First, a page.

Williams then begins his 90-minute sermon that is a mix of Biblical verses, comments about mainstream Christian churches and a woman's role in the congregation. The service concludes with "laying of the hands" to "heal" congregation members.
In the Consuming Fire Fellowship's summer newsletter, Kennon authored an article about the nature of fatherhood. Kennon writes that "most men today are effeminate, passive and visionless."
According to his article, the decline of masculinity is rooted in "the demonic philosophy of feminism" that has "shamefully given place to women in the military, board room and even the pulpit."
Williams said women should only pursue domestic roles, unless they are single and must provide for themselves. Women are also urged to dress conservatively, covering most of their bodies with loose dresses. Pants are not allowed, as they display a woman's curvaceous figure.
"Culture is wrong," Williams said. "The Bible is right."
Williams said his congregation is often labeled as "narrow-minded" and "Bible-thumping," but they live strictly based on the Bible's principles. He says women and men are "equal" but have different societal roles.
"It's a shame that America would even consider, say, Hillary Clinton being a president. It's pitiful," Williams said. "The culture should blush that it's that blind and that stupid. She's a woman. She has no business governing men."
Becky Gaharan, 33, joined the Consuming Fire Fellowship six years ago. As a divorced mother of three, Gaharan cleans homes and works with her teenage son's lawn business.
"God led me here," Gaharan said.
Gaharan was raised as a mainstream Christian. So when she decided to join the Consuming Fire Fellowship, her family and friends expressed concern and even labeled it a cult, she said.
"I was on the way to hell," Gaharan said. "But now me and my children aren't on our way to hell. They're going to hear the truth."
Gaharan said it's often difficult for secular or career-oriented women to understand women playing a submissive role in family life.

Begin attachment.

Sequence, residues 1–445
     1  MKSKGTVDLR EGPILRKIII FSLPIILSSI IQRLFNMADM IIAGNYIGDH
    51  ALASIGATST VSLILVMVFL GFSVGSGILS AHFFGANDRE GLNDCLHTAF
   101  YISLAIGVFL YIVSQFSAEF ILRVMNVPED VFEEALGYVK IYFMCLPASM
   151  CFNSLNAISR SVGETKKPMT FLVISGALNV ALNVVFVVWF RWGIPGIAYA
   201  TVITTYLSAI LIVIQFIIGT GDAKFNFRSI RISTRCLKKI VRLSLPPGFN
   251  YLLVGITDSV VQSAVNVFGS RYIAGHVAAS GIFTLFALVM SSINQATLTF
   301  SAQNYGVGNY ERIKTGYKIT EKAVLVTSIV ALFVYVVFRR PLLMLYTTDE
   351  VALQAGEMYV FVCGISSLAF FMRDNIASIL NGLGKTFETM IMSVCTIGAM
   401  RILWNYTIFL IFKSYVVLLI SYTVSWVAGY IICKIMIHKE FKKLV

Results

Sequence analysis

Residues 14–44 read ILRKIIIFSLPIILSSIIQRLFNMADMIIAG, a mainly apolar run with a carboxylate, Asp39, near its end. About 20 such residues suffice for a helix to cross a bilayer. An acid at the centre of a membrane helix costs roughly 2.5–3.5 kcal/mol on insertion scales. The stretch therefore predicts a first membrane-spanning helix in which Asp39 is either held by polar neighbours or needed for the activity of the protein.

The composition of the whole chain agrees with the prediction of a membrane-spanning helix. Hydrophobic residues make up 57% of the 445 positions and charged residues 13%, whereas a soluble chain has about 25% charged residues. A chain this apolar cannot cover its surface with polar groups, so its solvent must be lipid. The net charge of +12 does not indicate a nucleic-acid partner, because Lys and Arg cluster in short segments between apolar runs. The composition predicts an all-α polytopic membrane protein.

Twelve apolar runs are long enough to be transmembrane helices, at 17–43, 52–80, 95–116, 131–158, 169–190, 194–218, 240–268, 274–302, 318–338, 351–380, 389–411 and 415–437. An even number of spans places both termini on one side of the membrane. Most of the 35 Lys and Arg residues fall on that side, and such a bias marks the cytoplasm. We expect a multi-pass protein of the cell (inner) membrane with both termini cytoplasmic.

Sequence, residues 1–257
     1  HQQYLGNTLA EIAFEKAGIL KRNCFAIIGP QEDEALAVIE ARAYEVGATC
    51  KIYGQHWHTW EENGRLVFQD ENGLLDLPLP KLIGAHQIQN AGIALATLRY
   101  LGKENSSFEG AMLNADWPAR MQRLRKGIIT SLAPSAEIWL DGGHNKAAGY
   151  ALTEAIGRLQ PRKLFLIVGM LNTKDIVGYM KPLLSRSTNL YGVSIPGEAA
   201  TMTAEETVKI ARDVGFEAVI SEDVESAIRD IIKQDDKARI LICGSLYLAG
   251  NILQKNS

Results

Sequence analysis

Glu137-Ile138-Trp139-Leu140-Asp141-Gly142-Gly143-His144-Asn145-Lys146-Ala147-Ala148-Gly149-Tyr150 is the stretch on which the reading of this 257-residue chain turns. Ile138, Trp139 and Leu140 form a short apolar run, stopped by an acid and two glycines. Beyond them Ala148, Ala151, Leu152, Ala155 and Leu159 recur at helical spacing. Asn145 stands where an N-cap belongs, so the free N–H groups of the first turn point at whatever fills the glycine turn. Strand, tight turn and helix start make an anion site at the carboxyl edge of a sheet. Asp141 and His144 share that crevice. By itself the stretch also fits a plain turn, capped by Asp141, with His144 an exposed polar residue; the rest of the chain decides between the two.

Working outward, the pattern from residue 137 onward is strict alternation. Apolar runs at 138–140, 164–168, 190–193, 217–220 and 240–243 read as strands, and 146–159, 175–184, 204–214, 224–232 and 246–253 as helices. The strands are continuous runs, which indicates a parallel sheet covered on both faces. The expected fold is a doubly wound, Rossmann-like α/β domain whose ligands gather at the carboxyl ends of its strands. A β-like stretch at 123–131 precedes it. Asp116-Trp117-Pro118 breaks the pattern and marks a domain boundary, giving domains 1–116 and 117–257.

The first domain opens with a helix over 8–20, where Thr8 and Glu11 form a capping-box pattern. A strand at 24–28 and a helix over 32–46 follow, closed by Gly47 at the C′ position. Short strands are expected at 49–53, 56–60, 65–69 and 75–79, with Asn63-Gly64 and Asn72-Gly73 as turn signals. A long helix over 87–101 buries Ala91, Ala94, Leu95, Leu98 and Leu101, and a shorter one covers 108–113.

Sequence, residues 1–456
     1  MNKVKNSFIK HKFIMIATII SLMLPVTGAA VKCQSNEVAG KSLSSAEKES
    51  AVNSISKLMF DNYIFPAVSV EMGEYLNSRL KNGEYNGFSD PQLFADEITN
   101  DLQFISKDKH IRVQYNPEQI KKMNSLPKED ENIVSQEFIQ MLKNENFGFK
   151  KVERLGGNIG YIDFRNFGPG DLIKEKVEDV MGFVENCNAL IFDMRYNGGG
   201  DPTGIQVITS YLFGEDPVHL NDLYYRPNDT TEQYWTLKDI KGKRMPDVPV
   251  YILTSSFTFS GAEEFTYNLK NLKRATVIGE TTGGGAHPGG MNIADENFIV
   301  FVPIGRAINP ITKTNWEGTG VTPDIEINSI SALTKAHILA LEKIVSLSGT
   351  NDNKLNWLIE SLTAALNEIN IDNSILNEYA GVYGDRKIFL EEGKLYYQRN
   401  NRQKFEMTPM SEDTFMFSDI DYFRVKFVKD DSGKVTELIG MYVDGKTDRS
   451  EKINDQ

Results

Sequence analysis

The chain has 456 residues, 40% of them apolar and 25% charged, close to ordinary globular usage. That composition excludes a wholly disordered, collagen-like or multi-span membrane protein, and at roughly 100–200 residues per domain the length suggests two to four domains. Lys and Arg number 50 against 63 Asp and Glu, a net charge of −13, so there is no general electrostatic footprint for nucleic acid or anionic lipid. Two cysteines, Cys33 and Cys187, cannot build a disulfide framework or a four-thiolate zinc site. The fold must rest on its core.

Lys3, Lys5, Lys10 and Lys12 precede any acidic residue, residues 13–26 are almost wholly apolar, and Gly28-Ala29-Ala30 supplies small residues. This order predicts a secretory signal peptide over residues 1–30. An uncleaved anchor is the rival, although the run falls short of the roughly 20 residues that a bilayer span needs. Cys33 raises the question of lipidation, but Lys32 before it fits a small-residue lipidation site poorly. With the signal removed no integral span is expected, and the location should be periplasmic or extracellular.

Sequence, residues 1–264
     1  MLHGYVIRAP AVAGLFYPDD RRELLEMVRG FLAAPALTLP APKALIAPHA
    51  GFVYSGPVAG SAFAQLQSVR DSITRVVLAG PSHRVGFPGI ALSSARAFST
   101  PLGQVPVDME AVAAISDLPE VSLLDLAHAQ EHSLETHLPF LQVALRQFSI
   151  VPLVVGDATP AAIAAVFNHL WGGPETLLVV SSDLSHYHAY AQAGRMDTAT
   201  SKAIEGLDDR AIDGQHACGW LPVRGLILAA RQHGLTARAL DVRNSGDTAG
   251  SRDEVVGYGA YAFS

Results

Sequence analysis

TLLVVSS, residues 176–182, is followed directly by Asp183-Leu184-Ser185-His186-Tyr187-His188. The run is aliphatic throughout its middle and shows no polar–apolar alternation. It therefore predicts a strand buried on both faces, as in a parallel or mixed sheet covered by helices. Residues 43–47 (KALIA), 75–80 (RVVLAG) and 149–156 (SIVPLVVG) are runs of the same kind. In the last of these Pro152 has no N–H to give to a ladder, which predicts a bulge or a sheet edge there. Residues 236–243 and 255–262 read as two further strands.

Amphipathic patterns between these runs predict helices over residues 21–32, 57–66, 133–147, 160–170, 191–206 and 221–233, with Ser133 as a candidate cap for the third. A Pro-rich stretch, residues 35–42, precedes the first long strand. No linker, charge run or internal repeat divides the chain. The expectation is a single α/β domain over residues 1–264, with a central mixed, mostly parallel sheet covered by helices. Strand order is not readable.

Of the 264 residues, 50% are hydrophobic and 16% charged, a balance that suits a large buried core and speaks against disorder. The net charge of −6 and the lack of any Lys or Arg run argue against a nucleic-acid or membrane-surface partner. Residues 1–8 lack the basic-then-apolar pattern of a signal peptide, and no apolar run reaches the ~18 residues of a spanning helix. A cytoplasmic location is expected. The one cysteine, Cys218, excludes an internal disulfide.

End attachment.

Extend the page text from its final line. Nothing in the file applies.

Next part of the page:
"It's often seen as bottom of the barrel," Gaharan said. "But it's a glorious cause."
Grace Williams, 8-year-old daughter of Britt Williams, said she likes "everything" about the Consuming Fire Fellowship. Grace's mother, Bridget Williams, 37, home schools Grace and her eight siblings.
Britt Williams said the church promotes home schooling so children can receive a full and proper education.
"You wouldn't subject your children to [outside schools] if you believe it to be dangerous," Britt Williams said. "The Bible says that beginning of wisdom and understanding is the fear of God. And they've removed God from the equation."
Grace Williams said English is her favorite subject, and she wants to be a "Christian and a keeper at home" when she grows up. Being a home keeper means "to stay home and not go to work and cook for my husband and to home school," Grace Williams said.
In addition to schooling, Grace Williams helps her mother tend to her youngest siblings and cook meals during the day.
On this Sunday, the congregation has gathered for lunch at a member's home. Gallons of spaghetti sauce are needed to feed the tables of children and parents. Britt Williams said although most families in the church do have many children, the church does not take a stance on birth control.
Grace Williams describes her large family as "fun" and plans to have as many children "as God wants [her] to have."
Micah Williams, 15, is the oldest child in the Williams family. He first appeared in Free Speech Plaza as a 6-week-old baby.